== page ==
Finally, caffeine intake can be causing fatigue. That may sound counterintuitive, as caffeine can be an ergogenic aid that provides a bolt of energy for athletes. However, relying on caffeine day in and day out in order to function can greatly impact sleep quality. You may be falling asleep easily at night, but your caffeine could be preventing you from reaching a deep state of sleep depending upon your ability to process caffeine. I actually work with several athletes who, from a genetic standpoint, cannot tolerate caffeine. Even one cup of decaf leaves them feeling groggy the next day!
If you think this could be you, consider gradually weaning off caffeine until you have strictly removed it for three weeks straight. Take note of any changes in sleep quality, energy during the day, cognition and food cravings.
I am always hungry and often wake up starving in the middle of the night.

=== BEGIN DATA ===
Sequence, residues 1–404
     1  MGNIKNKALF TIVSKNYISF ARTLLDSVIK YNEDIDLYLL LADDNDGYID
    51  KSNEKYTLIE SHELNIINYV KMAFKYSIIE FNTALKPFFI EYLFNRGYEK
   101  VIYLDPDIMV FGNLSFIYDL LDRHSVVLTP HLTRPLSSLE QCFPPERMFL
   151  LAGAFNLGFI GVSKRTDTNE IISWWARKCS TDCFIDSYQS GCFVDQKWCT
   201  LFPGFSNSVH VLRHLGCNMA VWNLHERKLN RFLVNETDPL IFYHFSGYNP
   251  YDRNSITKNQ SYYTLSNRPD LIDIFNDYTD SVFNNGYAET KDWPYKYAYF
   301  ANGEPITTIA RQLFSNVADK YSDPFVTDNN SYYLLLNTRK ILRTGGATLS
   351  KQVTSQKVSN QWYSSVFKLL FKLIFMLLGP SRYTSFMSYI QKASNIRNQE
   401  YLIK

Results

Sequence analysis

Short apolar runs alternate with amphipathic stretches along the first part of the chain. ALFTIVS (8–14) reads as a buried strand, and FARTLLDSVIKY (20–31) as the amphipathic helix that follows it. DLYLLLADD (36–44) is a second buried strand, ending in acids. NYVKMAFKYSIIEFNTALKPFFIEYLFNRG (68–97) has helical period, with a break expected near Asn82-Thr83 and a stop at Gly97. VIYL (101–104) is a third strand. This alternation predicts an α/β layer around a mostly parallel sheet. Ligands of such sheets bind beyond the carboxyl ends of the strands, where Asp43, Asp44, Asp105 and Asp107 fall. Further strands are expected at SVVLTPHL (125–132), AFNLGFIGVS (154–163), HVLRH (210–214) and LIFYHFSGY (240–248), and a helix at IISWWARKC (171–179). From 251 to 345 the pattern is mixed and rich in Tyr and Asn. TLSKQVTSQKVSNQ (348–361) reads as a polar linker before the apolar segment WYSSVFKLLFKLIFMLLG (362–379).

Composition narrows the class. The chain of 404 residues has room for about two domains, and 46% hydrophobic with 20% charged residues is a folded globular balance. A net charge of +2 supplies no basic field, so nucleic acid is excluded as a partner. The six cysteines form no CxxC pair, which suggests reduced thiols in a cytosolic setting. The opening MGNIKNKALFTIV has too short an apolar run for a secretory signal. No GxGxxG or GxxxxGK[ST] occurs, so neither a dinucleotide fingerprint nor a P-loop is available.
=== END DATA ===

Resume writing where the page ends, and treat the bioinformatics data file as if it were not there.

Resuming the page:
The obvious answer here is ensuring that your overall calorie intake is meeting your training demands. However, if you have already made sure that is not the issue, take a look at your dietary fat intake.
Not consuming enough quality, plant-based fat is one of the biggest pitfalls I see when working with athletes. Because guess what? The old mantra "eating fat makes you fat" could not be further from the truth.
Incorporating the right kind of fat throughout the day can prevent hunger, decrease sugar cravings, regulate hormones and improve brain health. Try adding a scoop of peanut butter to your oatmeal, a few tablespoons of frozen avocado to your recovery smoothie, and drizzle your salad with olive oil. Bonus Fact: A loss of menstruation in female athletes is often a result of inadequate calorie and or inadequate dietary fat intake.
I'm constantly sore and seeing little improvement in my body composition.
So, you've met your macros and you're still not pleased with your progress.